Tuesday, May 8, 2012

Kodomo no Hi... Children's Day on 5th of May

The 5th of May is known in Japan as Kodomo no Hi, or simply put, Children's Day. It's actually one of the set of public holidays that makes up the Golden Week. Actually, you would think a day called Children's Day would be a pretty simple affair. Nothing is simple in Japan. The holiday is associated with a festival tango no sekku, which is a seasonal festival that celebrates the changing of seasons (from Spring to Summer)... it is also associated with the Boy's Festival (now that makes at least some sense).

One of the characteristics of the Boy's Festival is the flying of koinobori, or carp (koi) streamers (bori). Actually... you could also call them, wind-socks, but that doesn't quite have the same ring to it. These used to be arranged by the number of boys in the family. Instead, in Japan you will often see these hung out on long poles or wires from the house (especially from balconies)... The carp are meant to represent the vitality of young boys, swimming up stream, ever threatening to turn in to a dragon....

The top "streamer" is the dragon, which signifies the ideal of the man the boy would turn into. It's then followed by a black, red, then blue carp streamer, which are meant to represent the father, the mother and the son respectively. More children = more colours of carp.

Atop the pole is typically found a very odd contraption, yaguruma, which consists of a number of spinning wheels made of arrows, and a strange "propellor" which both spin wildly around in the wind. I have no idea what symbolic meaning this has, other than to be quite flashy.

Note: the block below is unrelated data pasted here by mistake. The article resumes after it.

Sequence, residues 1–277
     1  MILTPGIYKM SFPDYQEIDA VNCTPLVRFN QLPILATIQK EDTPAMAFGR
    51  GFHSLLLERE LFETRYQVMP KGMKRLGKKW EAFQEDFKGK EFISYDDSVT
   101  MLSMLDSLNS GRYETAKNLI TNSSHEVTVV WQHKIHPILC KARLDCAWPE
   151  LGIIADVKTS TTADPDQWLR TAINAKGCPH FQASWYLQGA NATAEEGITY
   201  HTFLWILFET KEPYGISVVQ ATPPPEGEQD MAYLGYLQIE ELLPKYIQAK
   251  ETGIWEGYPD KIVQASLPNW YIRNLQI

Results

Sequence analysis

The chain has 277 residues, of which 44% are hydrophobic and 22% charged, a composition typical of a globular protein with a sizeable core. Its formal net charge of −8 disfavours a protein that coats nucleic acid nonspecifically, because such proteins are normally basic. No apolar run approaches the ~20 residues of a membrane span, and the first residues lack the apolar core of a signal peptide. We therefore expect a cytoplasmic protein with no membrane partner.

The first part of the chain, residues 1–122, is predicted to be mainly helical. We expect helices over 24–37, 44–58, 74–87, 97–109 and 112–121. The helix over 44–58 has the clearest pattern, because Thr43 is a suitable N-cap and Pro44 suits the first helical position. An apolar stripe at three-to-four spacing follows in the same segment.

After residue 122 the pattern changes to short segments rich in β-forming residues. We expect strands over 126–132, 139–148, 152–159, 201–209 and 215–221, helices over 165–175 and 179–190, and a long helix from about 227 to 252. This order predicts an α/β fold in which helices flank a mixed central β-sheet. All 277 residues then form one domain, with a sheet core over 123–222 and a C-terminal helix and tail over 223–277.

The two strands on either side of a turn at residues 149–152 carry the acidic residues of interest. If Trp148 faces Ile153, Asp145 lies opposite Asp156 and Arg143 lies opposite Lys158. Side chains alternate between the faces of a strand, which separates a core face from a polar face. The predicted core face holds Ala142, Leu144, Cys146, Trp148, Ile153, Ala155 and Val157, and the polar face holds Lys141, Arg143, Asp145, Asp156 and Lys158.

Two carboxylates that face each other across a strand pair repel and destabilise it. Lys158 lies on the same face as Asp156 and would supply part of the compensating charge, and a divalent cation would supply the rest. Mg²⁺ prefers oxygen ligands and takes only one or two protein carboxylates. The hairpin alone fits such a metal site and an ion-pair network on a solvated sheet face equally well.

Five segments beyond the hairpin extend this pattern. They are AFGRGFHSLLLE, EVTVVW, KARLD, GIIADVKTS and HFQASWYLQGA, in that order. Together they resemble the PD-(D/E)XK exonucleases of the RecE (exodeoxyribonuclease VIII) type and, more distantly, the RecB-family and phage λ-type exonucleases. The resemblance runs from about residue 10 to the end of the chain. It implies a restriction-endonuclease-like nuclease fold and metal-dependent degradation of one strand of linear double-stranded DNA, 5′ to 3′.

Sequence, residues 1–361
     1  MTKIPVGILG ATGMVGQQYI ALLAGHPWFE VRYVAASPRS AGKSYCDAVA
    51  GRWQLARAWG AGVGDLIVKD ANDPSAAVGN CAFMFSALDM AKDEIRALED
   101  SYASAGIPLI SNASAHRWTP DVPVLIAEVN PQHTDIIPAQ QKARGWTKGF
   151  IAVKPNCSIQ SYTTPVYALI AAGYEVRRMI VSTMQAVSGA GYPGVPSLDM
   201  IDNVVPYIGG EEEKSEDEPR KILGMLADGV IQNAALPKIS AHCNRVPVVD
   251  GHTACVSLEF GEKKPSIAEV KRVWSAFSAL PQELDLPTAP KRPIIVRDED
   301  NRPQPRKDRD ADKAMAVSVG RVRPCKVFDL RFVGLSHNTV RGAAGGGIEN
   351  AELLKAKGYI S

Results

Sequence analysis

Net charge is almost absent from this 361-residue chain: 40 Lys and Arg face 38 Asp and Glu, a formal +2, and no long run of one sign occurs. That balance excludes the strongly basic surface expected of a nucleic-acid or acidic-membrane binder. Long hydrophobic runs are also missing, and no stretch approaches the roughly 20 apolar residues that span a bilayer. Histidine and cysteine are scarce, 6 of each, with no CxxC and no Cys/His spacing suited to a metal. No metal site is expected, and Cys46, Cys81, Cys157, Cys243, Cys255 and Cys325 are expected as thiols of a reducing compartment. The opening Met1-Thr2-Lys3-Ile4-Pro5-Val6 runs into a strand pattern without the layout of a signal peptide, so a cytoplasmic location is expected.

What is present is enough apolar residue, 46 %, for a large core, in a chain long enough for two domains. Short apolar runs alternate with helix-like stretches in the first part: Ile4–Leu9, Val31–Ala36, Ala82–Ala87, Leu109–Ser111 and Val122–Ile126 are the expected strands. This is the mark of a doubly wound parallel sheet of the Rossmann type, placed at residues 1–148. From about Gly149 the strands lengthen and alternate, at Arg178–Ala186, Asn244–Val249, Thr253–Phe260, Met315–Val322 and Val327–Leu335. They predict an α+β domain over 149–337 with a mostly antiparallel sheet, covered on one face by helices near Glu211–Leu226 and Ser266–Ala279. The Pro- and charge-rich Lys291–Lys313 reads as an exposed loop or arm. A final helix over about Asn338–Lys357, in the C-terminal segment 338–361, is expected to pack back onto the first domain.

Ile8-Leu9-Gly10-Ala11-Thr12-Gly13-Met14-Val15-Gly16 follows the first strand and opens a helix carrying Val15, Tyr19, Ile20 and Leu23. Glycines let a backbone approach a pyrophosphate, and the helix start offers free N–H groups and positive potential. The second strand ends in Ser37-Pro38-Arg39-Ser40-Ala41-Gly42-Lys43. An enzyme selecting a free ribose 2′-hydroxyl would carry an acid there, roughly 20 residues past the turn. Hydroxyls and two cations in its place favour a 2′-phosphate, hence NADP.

Now, I thought I'd just put together a few of the photos I've taken today... a bit of self-indulgence.

And this is quite a cheeky shot... from inside the koi! Now that's just not right!....

Another tradition is that of the kabuto... which is a particular type of samurai helmet that is in an ornamental form. This is normally part of a set that is set up each year for Children's (aka Boy's) Day.

The helmet design actually pre-dates the samurai, but is now very much a part of the samurai image. Boys were an important part of samurai households, continuing on the family name and customs. It was for this reason that the tradition evolved of displaying these martial images as a way of warding of bad luck.

The kabuto helmet consisted of the main "bowl" or hachi (in this case emblazoned with a rather vicious looking dragon and horns)...

And an intricately woven neck guard, or shikoro.

To the right stands the sword, or katana, a samurai's symbol of power.

To the left, the bow and arrows, or yumiya.

The dragon is a sign of strength in Japan... and when you're main aim is to intimidate your opponents, you may as well go all out with the bling.


 Now I have to admit these are gifts from doting grandparents in Japan... and I don't want to think about how much they cost... or even how expensive they were to send out to Australia (they are NOT light... no thanks to the rather solid - though beautifully hand painted - display case). 

 But they certainly do allow us to continue L-kun's connection with Japan... to keep hold of a very important part of his life. Something which is not always easy to do.